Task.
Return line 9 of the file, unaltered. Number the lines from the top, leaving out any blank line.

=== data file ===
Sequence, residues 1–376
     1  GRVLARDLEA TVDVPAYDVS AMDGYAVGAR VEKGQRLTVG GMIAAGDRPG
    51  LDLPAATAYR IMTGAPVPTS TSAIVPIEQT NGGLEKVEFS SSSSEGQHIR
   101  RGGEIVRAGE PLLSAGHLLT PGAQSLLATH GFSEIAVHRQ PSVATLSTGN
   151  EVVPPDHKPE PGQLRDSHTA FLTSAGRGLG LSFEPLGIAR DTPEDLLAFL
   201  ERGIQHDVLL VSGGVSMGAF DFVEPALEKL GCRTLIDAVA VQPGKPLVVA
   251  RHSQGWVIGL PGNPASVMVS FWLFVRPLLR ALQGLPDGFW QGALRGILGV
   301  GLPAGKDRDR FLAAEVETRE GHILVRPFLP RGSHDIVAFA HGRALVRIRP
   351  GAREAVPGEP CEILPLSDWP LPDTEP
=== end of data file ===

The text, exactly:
   351  GAREAVPGEP CEILPLSDWP LPDTEP